Q&A with designer Parker Trumble
Filed under: Fashion
February 1, 2015
2014, Bachelor of Fine Arts, Fashion Design, Miami International University of Art & Design
"With the help of [my instructors], I was able to see my vision come to life. This is why I got into fashion—to create wearable art."
Parker Trumble is a U.S Navy veteran who spent much of his service time in Italy. His time there influenced his decision to join the fashion industry. Parker's love for the arts lead him to work with the finest leathers and metals while he was in Italy, gaining fine craftsmanship skills at Dora Shoe Company.
A collection that Parker created while still a student gained the attention of the Perry Ellis Company—which not only provided him with a scholarship but also offered him an internship at the company. He was able to work in different departments, on presentations utilized by company executives. Before the end of his internship—and only two weeks before his graduation—Parker was offered a full-time job as a designer for the Perry Ellis Company.
The Art Institutes: What is your point of view when it comes to your collection?
Parker: The [thought] I had when I designed my collection was all about texture. When I design any collection, I like to use fabrics that have texture—or alter fabrics to create my own textured look. When looking at ancient Greek artwork and sculptures, the viewer has to walk all the way around in order to [completely understand the piece's story]. I like to be able to tell a story with my garments in the same way—you have to walk all the way around the garment to appreciate it. I went for a more futuristic look, mixing an organic then industrial geometric feel to the piece. In other words—mixing nature with the more urban look. Being able to use materials that are not necessarily made for fashion [excites and pushes] me as an artist and fashion designer.
The Art Institutes: Describe your design process for this collection.
Parker: I like to look at other artists and architects and what they are doing. [I believe that] being into many things and genuinely showing interest in the world around you aids in the design process. I was intrigued by an artist in Japan, Seung Mo Park, [who] created sculptures of people. I was so impressed by his technique I wanted to translate it to fashion. Tessellation origami was also something that intrigued me—[I had to figure out how] to translate the origami into fashion. I bought books, researched origami, and made many paper samples before I tried it on the real thing. My girlfriend calls me a fashion scientist because I am always testing and figuring out ways to achieve what is in my head. The fact that I do not run from a challenge is key to creating my pieces. If there [isn't] a challenge, where is the creativity?
The Art Institutes: Describe how your education prepared you for this opportunity. Talk about a particular time in school when you pushed yourself creatively.
Parker: To be quite honest, [all of my coursework] helped me. The one key to [a successful] student is the will or desire to succeed—or at least push themselves to an almost uncomfortable place. In every piece I made in school, I did not have a clue how I was going to accomplish what I set out to do. Each design was complicated and was something that was not even typical fashion. With the help of [my instructors], I was able to see my vision come to life. Many times [they] went above and beyond to help me with this.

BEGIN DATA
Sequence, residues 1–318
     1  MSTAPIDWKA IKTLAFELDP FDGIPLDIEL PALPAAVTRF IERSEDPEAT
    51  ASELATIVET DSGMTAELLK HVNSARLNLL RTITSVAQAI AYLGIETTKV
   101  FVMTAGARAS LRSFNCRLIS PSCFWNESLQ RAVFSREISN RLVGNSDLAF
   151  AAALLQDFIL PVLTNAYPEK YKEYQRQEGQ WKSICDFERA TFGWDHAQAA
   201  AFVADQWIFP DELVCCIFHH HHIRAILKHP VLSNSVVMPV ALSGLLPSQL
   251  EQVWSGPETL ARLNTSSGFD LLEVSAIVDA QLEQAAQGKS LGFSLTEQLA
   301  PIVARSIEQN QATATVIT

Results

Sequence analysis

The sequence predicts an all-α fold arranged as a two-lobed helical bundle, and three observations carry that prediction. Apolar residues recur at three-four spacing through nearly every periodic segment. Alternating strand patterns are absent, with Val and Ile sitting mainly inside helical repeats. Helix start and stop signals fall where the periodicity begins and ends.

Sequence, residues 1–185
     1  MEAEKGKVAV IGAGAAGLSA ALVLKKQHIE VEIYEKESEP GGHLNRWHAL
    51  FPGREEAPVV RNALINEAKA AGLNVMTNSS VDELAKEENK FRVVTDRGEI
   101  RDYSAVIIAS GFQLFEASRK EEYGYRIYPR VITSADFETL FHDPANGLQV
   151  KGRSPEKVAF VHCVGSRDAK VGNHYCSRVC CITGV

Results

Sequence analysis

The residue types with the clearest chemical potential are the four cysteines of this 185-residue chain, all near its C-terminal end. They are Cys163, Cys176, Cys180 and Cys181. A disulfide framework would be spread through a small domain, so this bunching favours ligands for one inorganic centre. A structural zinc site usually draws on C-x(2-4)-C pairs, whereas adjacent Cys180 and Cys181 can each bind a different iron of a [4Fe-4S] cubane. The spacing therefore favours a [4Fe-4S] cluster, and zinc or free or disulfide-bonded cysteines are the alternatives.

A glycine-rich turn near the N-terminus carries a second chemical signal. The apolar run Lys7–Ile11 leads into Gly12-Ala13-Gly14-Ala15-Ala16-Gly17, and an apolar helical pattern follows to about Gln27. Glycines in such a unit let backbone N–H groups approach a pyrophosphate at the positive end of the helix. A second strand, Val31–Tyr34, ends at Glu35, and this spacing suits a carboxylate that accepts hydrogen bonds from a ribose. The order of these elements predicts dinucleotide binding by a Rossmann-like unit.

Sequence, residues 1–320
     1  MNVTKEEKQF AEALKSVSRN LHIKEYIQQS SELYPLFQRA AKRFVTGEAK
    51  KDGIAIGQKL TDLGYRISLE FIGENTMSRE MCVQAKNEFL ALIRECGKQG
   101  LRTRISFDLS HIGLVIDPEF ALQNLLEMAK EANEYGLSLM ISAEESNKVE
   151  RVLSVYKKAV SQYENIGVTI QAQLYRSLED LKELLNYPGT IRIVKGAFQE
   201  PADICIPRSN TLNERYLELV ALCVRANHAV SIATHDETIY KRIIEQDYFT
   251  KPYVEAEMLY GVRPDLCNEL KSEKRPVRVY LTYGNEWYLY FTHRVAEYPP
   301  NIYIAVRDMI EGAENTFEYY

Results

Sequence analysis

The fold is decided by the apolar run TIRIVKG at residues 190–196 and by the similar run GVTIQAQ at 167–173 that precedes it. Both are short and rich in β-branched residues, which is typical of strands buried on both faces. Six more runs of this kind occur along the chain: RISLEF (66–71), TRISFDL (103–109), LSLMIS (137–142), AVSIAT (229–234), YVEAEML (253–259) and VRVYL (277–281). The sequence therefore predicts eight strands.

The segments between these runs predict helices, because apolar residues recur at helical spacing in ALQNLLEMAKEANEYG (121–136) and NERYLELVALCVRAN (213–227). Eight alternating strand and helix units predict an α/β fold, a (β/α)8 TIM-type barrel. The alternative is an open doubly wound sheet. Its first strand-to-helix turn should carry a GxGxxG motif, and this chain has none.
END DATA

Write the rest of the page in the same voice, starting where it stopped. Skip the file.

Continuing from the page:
The first moment I realized what type of designs I prefer to [create- was in an advanced construction and pattern-making [class]. I [told] my teacher that I did not want to do something safe. I wanted to challenge and push myself. This was my "ah ha" moment. I learned quickly that if you show you are a hard worker and you love what you do, the rest will follow. To go to school for fashion design was the best choice I have ever made and [my education] is what made it possible.
The Art Institutes: Which designers inspire you?
Parker: Designers who inspire me are designers who take risks and have the same philosophy that I do—to show dimension and detail at all angles. Roberto Cavalli is one of my favorites. After living in Italy and seeing his designs, I knew I wanted to be a designer. The amount of detail in every piece was like looking at a piece of artwork. Other designers who inspire me are Alexander McQueen and Jean Paul Gaultier. As you can see, I like designers who might be a little bit more theatrical. Armani, on the other hand, is very inspirational as well—especially Armani Prive. The fabrics he uses amaze me every time I see them.
The Art Institutes: What design blogs or publications do you read?
Parker: I do not use a lot of references. The one I do use for trend research is WGSN (Worth Global Style Network). Other than that, I like to see what people are wearing in the world around me and try to use my own judgment as to what to design. There are times that I like to look at the editorial magazines from Europe. The way they capture fashion makes it look more like art. This is why I got into fashion—to create wearable art.
The Art Institutes: How are you preparing for the runway event? What challenges are you experiencing?
Parker: I am working full time at Perry Ellis International as an assistant designer. To find the time to do all that is needed [to prepare for the runway show] has been a challenge but I don't ever seem to back down from a challenge. I have learned, and am still learning, that social media is a huge player in the world today. It is a great marketing tool. I do not use social media all that often so this is my biggest challenge.
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